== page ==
Many Canadians seem to hold a sentimental attachment to the notion of minority government as a good thing. Perhaps they believe that minority governments, by their very nature, are compelled to be more sensitive to the wishes of voters or at least less arrogant in their exercise of power. When surveyed in recent times, however, Canadians have expressed a desire not only for a minority government but for a particular kind of minority—a Liberal government with the New Democrats holding the balance of the power. There seems to be a marked preference for Liberal management tempered by a social democratic conscience, which is a little surprising given the recent evidence of Liberal mismanagement. Could it be that Canadians would really prefer an NDP government but they’re a little afraid of so dramatic a change? Or maybe they just believe that electing an NDP government would be almost impossible to accomplish, so they’ll settle for a Liberal government as long as the NDP holds enough seats to keep it honest and progressive.
The problem with minority governments, beyond their inherent instability, is that the parliaments that produce them happen as if by accident. The voters cannot know ahead of time just which party will find itself on the government benches, nor can they know just which party will end up holding the balance of power. For all the talk about “strategic voting,” it is simply impossible for the voters to intentionally elect a parliament where no party holds a majority, yet which produces the government and balance of power that the majority of voters would prefer. There are simply too many variables involved.
In Canada, where parliament consists of three federalist parties with differing ideologies, along with a separatist party committed primarily to parliamentary mischief, it is increasingly difficult to elect a workable government, whether majority or minority. Indeed, when the separatists can count on holding 15-20% of the seats in parliament, a government needs what amounts to a super-majority of the remaining seats (i.e., 59-63%) in order to maintain the confidence of the House of Commons. When there is fundamental agreement about the constitution and value of our confederation, then minority parliaments favour compromise between competing approaches to public policy; but when parliament includes a sizeable number of members who reject federal institutions (like Québec separatists), or who would weaken them (like Western regionalists), then minority parliaments favour the interests of regionalism and division while threatening the well-being of the country.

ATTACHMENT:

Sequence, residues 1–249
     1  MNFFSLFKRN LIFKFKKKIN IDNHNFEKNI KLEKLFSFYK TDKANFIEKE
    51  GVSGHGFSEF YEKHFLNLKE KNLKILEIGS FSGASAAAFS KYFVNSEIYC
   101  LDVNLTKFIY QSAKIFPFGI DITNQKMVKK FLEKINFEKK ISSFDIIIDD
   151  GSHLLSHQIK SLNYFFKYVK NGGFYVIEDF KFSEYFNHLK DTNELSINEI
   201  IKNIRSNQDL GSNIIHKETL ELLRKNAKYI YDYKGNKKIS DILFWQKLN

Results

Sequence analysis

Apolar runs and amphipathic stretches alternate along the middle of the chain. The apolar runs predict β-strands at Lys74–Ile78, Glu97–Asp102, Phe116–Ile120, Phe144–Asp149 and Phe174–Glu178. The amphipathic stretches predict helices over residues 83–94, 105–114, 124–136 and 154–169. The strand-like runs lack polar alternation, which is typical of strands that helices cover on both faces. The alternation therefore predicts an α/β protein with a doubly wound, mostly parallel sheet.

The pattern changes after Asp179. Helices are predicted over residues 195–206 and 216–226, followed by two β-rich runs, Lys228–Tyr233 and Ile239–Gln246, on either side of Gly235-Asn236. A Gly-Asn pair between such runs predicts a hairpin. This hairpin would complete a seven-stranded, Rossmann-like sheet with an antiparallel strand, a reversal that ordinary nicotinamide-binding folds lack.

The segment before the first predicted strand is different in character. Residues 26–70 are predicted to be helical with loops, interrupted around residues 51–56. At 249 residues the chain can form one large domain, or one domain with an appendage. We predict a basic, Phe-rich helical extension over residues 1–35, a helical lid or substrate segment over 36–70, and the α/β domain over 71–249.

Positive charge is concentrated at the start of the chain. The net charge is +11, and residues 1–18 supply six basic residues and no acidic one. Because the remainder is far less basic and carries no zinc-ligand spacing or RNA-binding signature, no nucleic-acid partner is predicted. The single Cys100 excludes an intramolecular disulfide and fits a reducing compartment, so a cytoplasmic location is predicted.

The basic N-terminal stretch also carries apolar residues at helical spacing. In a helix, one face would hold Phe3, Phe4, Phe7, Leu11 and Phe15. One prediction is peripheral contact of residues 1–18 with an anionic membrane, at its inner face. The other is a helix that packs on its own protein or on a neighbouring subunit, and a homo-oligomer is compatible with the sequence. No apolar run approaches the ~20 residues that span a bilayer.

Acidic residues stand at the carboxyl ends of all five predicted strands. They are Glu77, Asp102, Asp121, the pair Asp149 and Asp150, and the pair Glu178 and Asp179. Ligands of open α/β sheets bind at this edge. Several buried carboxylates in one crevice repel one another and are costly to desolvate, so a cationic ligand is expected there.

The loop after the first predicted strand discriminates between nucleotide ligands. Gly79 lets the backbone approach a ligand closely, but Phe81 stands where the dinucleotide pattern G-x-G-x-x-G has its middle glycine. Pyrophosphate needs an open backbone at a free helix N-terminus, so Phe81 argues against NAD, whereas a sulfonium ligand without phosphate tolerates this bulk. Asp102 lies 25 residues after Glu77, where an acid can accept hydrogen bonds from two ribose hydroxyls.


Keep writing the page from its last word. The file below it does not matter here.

So, what conditions might lead voters to return a more stable parliament in 2006? Well, Canadians might recognize that Paul Martin is fiscally the most conservative prime minister since Louis St. Laurent. If this were to happen, then fiscal conservatives might be motivated to shift their votes to the Liberals, leaving the official opposition with only their socially conservative base while returning the Liberals as a majority government. Alternately, those who share the government’s fiscal conservatism and pro-business agenda might decide to vote for the real thing instead, or might rebel against hints of Liberal corruption, shifting their support to the Conservatives in numbers large enough to put the Tories within striking distance of a majority.
Yet another possibility might see progressive Liberals recognize, at last, that they’ve lost their hold on the Liberal Party and shift their votes to the NDP, either returning enough New Democrats to firmly hold the balance of power or, if the fates are with them, perhaps even elect a government. Some of us think that Canada is overdue for such a fundamental political realignment.
Or how about a real longshot? Is it too much to hope that Québec voters might weary of elected representatives who are content to sit on the opposition benches? If Québeckers sent a parliamentary contingent of Liberals and Conservatives and New Democrats to Ottawa, based on their proposed programs for governing, rather than Bloquistes with their tiresome agenda of mere opposition and opting out, everyone would be better off. All three of the federalist parties would be enriched by strong parliamentary contingents bringing the values and vision of the people of Québec. And without the need for a super-majority of seats, or the real concern that Québec might find itself excluded from the government benches, then a stable, productive government might still be within reach.